Acta Scientific Nutritional Health (ASNH)(ISSN: 2582-1423)

Short Communication Volume 4 Issue 1

Gut Microbiome and Nutrition

Pratik Pokharel*

European Public Health, School of Advanced Studies in Public Health (EHESP), France

*Corresponding Author: Pratik Pokharel, European Public Health, School of Advanced Studies in Public Health (EHESP), France.

Received: November 21, 2019; Published: December 11, 2019

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  The organisms present in the digestive tract of humans surpass the human cells by almost 10 times and are collectively known as gut microbiome [1]. This microbiome may be considered as our other genome which when interacts with environmental factors can have a greater role than the human genome in obesity and disease development [2,3]. Profound changes in gut microbes’ mass have been reported in studies related to obesity indicating the microbiome involvement in the pathogenesis of obesity [3]. Gut microbes perform many specific functions in the human body. Synthesis of essential and non-essential amino acids, production of vitamins and biotransformation of bile are carried out by gut bacteria. Besides, the microbiome performs metabolism of polysaccharides, resistant starch, and other substances that skip digestion [1].

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References

  1. Bull MJ and Plummer NT. “The Human Gut Microbiome in Health and Disease”. Integrative Medicine 13.6 (2014): 17-22.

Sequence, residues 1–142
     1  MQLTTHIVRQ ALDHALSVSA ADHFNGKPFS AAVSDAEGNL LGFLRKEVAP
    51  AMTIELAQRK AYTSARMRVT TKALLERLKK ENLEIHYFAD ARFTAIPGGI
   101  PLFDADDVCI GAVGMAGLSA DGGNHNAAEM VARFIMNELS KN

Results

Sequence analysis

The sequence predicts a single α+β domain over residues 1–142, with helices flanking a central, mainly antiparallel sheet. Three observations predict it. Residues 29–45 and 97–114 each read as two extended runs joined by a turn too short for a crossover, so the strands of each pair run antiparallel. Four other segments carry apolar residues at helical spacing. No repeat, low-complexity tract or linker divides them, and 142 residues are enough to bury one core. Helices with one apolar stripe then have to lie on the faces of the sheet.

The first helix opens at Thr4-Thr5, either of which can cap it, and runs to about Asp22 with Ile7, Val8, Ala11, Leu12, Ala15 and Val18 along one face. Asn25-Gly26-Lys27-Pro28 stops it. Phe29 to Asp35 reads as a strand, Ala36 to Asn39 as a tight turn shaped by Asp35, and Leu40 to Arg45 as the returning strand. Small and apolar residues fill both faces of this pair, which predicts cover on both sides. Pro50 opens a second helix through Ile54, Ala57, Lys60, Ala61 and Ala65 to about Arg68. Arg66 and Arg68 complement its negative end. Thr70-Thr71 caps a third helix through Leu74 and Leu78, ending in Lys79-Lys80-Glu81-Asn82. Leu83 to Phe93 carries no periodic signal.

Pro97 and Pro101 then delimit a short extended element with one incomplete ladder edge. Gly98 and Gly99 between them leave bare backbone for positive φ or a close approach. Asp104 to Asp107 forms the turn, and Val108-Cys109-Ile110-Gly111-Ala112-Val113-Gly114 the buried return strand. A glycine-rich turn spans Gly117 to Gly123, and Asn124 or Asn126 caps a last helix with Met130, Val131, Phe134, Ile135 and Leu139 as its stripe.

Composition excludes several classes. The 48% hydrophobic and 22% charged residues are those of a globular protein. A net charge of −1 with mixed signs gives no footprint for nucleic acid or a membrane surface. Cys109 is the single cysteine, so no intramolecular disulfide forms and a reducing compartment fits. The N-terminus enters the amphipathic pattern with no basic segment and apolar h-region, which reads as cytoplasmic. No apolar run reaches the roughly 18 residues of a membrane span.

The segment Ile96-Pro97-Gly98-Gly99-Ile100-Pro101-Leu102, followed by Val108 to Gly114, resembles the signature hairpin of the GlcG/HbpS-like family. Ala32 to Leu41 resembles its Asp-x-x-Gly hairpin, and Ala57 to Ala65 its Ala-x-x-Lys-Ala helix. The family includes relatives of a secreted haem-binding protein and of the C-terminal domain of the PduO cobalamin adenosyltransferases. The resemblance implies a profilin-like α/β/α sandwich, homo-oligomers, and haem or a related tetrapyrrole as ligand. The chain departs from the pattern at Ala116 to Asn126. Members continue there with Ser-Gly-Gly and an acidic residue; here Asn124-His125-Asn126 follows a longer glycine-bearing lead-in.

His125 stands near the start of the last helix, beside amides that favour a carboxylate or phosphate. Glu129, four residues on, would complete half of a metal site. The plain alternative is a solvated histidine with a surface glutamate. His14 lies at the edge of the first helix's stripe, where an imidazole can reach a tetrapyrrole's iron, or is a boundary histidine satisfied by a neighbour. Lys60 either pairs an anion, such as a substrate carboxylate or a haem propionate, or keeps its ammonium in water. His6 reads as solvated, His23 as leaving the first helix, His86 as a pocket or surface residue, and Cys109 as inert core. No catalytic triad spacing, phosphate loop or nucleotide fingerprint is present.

2. Karlsson FH., et al. “Gut metagenome in European women with normal, impaired and diabetic glucose control”. Nature 498.7452 (2013): 99-103. 
  3. Le Chatelier E., et al. “Richness of human gut microbiome correlates with metabolic markers”. Nature 500.7464 (2013): 541-546. 
  4. Yadav M., et al. “A review of metabolic potential of human gut microbiome in human nutrition”. Archives of Microbiology 200.2 (2018): 203-217.
  5. Valdes AM., et al. “Role of the gut microbiota in nutrition and health”. BMJ 361 (2018): 36-44. 
  6. West CE., et al. “The gut microbiota and inflammatory noncommunicable diseases: Associations and potentials for gut microbiota therapies”. The Journal of Allergy and Clinical Immunology 135.1 (2015): 3-13. 
  7. Hills RD., et al. “Gut Microbiome: Profound Implications for Diet and Disease”. Nutrients 11. (2019): 1613. 
  8. O’Keefe SJD., et al. “Fat, fibre and cancer risk in African Americans and rural Africans”. Nature Communications 6 (2015). 
  9. Brusaferro A., et al. “Is It Time to Use Probiotics to Prevent or Treat Obesity?” Nutrients 10.11 (2018): 1-14. 
  10. Wischmeyer PE., et al. “Role of the microbiome, probiotics, and ‘dysbiosis therapy’ in critical illness”. Current Opinion on Critical Care 22.4 (2016): 347-353. 
  11. Deehan EC and Walter J. “The Fiber Gap and the Disappearing Gut Microbiome: Implications for Human Nutrition”. Trends in Endocrinology and Metabolism 27.5 (2016): 239-242.
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Citation

Citation: Pratik Pokharel. “Gut Microbiome and Nutrition".Acta Scientific Nutritional Health 4.1 (2020): 86-87.



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